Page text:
Agents of Impact | February 23, 2016

A Lucky Iron Fish in Every Pot: How a Canadian Social Enterprise is Fighting Iron Deficiency

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The Lucky Iron Fish wasn’t always so cute. It began as an amorphous iron chunk. It was used as a paperweight, a door stop, anything other than its intended purpose—to be dropped in a cooking pot. But mold that lump of metal into a fish body, give it a smile, and you have an adorable tool to fight a health concern that affects 3.5 billion people worldwide.

[blockquote author=”Gavin Armstrong, Lucky Iron Fish” pull=”pullleft”]We are hammering down the fact that simplicity can work to address complicated issues.[/blockquote]

While the U.S. Centers for Disease Control estimates that roughly 20 percent of populations living in westernized countries lack an adequate amount of iron in their diets, numbers in developing countries are much higher. In Cambodia, where Lucky Iron Fish started distributing, the number ranges from 30 to 50 percent. Iron deficiency is a preventable condition that can lead to anemia, weakness, impaired cognitive ability, compromised physical development in children, and increased risk of illness. It can even lead to death.

Gavin Armstrong, CEO of Lucky Iron Fish, realizes this is a complicated problem. But he insists on a simple solution.

Keep it Simple

There are no biosensors to attach to fingers or fancy apps that require access to smartphones. It’s even simpler than a pill because it comes without side effects. Add the fish to a pot of boiling water for soup, rice or other entrees, and it provides a family with up to 75 percent of their daily iron intake. The fish lasts for 5 years. It’ll let you know when it’s time to get a new one by turning its smile upside down.

It has already helped over 89,000 men, women and children who are living healthier and more productive lives.

“When people hear that they just have to cook with this fish for 10 minutes,” explains Armstrong, “they’re taken aback. We are hammering down the fact that simplicity can work to address complicated issues.”

Cooking with iron is an old idea—it’s been around since 500 B.C. There are dangerous attempts, too, at filling the deficiency. In parts of Africa, people eat red dirt thinking it’s a cure. In parts of Southeast Asia, people cook with nails.

“It’s not a new idea,” says Armstrong. “We just made it into a safe process by inventing something that releases the proper amount.”

“The innovation,” says Tania Framst, the company’s president of operations, “is the education that comes along with it. People don’t know they aren’t getting enough iron. In Western countries people buy it after a recommendation from a doctor. In other places, community members share with each other face to face. They try it, feel better and are convinced.”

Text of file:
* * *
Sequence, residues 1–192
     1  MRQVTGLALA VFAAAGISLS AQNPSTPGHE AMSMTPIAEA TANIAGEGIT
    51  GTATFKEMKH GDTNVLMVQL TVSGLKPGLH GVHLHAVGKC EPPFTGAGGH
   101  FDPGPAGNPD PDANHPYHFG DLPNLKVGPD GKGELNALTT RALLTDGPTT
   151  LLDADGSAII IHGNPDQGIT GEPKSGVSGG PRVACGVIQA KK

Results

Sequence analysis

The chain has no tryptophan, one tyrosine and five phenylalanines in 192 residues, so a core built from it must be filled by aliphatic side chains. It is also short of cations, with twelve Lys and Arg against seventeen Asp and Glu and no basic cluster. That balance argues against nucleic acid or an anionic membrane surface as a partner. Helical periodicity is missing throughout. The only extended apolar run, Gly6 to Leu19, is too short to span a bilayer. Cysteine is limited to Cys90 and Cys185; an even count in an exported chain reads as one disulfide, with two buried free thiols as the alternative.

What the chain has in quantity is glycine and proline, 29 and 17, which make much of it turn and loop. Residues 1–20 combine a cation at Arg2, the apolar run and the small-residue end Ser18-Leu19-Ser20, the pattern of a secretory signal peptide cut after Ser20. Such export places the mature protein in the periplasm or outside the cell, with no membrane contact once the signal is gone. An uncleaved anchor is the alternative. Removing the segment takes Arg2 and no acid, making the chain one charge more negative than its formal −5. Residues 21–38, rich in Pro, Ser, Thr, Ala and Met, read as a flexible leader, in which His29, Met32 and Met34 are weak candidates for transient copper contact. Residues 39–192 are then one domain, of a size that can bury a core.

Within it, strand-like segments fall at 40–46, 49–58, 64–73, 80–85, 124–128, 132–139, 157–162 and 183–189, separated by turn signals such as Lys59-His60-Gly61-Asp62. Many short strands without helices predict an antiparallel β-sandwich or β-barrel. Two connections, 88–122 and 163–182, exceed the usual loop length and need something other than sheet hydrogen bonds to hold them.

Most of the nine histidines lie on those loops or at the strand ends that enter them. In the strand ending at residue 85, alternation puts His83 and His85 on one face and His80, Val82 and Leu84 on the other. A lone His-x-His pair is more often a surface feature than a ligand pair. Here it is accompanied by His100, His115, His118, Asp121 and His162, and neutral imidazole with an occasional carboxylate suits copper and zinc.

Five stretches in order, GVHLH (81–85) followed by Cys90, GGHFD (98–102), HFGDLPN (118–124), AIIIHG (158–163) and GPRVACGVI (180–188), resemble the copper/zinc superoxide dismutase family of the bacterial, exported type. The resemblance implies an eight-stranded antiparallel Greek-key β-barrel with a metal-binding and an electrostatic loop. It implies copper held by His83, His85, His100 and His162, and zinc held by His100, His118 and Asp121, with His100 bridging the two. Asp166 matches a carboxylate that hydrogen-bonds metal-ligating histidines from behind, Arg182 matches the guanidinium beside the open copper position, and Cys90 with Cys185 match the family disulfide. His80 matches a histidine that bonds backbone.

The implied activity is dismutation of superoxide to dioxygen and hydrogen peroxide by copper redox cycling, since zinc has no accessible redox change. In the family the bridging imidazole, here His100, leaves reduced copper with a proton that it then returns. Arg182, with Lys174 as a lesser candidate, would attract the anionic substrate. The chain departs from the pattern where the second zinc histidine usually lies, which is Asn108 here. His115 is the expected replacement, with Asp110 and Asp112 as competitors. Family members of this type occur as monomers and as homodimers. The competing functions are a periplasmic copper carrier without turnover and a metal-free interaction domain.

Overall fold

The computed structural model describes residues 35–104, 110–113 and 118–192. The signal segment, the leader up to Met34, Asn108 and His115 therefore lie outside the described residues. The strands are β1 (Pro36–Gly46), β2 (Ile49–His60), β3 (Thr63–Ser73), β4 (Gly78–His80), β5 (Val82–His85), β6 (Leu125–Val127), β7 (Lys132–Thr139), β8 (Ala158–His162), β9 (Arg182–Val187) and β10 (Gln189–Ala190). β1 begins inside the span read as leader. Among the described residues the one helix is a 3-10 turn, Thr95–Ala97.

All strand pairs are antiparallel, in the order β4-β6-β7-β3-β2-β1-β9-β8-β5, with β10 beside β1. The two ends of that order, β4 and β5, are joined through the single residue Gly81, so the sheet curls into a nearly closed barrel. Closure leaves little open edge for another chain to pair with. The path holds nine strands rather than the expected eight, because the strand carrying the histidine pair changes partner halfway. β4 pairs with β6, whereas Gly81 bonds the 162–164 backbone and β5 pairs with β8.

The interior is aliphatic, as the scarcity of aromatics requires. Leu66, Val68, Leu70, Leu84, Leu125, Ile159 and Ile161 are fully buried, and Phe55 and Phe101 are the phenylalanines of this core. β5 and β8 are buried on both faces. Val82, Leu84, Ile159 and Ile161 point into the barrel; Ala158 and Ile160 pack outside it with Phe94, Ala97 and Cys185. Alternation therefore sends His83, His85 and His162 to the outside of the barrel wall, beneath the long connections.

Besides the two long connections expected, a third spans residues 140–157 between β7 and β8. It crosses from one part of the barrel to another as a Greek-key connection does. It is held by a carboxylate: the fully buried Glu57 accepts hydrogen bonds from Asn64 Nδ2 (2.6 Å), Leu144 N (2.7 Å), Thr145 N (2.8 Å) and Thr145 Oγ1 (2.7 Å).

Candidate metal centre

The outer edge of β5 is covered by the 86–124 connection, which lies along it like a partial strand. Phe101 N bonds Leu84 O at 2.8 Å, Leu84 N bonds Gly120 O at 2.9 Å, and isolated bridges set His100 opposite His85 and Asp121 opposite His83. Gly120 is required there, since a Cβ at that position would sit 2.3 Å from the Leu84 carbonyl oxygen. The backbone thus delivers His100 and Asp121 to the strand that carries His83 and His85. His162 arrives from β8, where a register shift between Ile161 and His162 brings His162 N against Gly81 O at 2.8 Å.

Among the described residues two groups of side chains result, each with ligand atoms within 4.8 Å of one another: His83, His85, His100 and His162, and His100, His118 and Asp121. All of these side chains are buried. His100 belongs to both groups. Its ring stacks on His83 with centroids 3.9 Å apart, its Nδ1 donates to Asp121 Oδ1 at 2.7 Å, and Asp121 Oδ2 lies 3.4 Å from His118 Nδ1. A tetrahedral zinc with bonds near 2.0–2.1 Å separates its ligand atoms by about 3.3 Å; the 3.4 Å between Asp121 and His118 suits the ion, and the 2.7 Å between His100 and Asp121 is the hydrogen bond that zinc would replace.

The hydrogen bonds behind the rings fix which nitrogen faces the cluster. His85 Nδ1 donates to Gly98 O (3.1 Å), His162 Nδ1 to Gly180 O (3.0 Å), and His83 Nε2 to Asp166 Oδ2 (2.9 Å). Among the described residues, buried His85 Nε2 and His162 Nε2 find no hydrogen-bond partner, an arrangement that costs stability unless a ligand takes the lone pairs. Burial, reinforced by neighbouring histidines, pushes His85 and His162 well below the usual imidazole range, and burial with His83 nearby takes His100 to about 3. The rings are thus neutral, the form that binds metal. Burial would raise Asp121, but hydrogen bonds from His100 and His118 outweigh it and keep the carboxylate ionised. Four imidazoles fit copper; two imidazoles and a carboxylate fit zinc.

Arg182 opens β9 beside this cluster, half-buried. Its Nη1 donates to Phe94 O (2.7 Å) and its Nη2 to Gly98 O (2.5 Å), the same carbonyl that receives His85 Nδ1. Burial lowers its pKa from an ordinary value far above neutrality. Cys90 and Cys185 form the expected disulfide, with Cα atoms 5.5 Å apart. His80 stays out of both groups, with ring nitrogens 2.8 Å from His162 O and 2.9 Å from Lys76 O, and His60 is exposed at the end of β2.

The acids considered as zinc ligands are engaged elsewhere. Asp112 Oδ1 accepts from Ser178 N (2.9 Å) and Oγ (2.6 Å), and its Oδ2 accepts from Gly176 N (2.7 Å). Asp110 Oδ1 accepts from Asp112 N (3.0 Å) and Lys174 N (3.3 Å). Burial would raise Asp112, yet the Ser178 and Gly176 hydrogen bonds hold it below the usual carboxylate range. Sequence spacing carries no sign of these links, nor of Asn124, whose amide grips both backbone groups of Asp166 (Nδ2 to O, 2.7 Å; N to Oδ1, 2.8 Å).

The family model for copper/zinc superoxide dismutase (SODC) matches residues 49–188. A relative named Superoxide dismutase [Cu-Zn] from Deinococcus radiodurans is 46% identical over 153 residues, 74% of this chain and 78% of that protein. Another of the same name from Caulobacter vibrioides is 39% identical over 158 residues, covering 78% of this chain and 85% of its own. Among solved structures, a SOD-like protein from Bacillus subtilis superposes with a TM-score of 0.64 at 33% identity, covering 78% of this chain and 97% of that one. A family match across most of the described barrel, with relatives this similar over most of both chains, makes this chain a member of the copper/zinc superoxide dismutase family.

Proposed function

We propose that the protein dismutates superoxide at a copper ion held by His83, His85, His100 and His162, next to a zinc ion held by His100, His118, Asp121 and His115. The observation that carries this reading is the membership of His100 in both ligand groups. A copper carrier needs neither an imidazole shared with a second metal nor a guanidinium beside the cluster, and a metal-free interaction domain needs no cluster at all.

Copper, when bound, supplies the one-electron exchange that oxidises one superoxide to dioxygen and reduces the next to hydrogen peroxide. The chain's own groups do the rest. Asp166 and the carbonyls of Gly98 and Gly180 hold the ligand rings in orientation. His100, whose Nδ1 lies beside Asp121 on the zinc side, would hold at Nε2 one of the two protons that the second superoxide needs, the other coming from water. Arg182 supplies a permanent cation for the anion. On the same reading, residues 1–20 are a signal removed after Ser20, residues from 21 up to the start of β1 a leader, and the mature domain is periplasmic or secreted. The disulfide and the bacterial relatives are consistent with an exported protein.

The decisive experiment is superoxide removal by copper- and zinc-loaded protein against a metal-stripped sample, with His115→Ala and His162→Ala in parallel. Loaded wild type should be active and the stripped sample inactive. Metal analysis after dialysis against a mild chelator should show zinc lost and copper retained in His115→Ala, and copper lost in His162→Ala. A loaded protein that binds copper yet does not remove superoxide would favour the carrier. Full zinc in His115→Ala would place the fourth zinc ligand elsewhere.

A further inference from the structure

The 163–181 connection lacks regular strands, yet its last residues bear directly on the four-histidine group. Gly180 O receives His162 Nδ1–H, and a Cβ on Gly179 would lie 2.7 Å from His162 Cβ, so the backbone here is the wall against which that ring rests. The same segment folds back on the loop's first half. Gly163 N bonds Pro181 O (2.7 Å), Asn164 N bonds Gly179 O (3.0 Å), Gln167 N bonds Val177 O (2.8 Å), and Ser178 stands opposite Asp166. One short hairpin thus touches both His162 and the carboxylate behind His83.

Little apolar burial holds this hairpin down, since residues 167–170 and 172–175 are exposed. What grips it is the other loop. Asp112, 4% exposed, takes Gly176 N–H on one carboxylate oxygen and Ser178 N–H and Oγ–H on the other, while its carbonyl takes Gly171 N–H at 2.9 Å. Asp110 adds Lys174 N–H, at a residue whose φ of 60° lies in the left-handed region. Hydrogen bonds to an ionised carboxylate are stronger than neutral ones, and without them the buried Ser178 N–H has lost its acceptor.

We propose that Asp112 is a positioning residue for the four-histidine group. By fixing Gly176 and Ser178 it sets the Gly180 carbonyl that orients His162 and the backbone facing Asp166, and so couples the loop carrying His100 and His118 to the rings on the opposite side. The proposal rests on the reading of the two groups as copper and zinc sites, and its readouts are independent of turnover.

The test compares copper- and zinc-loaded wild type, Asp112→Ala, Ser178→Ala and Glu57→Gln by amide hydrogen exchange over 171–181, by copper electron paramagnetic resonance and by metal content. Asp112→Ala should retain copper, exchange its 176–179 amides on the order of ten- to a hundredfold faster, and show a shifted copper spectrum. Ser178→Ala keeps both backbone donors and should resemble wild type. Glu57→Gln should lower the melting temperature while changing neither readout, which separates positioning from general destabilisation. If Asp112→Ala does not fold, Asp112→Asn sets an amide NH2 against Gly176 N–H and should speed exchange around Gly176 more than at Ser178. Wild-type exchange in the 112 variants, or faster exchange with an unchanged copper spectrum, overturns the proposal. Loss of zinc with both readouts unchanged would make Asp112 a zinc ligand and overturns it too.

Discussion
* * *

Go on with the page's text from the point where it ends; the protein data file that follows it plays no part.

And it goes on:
Buy One Give One

The duo now uses a revenue model that they think is key to expanding into other markets. First, Southeast Asia and India. If you’re familiar with Tom’s shoes, then you know how it works. A consumer in a Western market buys one, and Lucky Iron Fish matches that in a developing country. The donated fish are distributed by NGOs directly to families.

“People always think of it as a third world problem, but it’s not,” says Armstrong. “We are trying to bring that together. You can buy a sustainable solution that is not hard on the body, cost effective and you’re also helping someone else who is suffering from the same thing across the world.”

“Our social mission to provide a healthcare product is our main goal, but we are always looking at the pillars and how we can include a social responsibility element in those,” says Armstrong. “We try to instill a culture of doing things differently even when it comes to the task of stuffing boxes.”

The fish is made from recycled materials, the packaging is biodegradable, and they’re manufactured by a cooperative in Cambodia that hires disabled veterans injured by land mines during the Khmer Rouge. For Western distribution, they’re packaged in Canada through Arc Industries, which employs people in marginalized demographics. They are ranked in the top ten percent of B-Corp certified businesses.

Their work is recognized by numerous awards, such as the “Commitment to Action Award” from the Clinton Global Initiative University. The fish was named “1 of 5 innovations that will change the world” by MacLean’s magazine.

The team plans to continue entering new markets and health food stores to meet their goal of putting a fish in every pot.

[seperator style=”style1″]Disclosure[/seperator]

logoThis article was written by Cayte Bolser, a correspondent for Cayte collects stories and lessons from and for entrepreneurs dedicated to solving the world’s most pressing problems. She writes on a variety of subjects including science, technology, international development, the environment and travel.

Originally published by Reposted with permission as part of ImpactAlpha’s partnership with Unreasonable.

Photo Credit: Creative Commons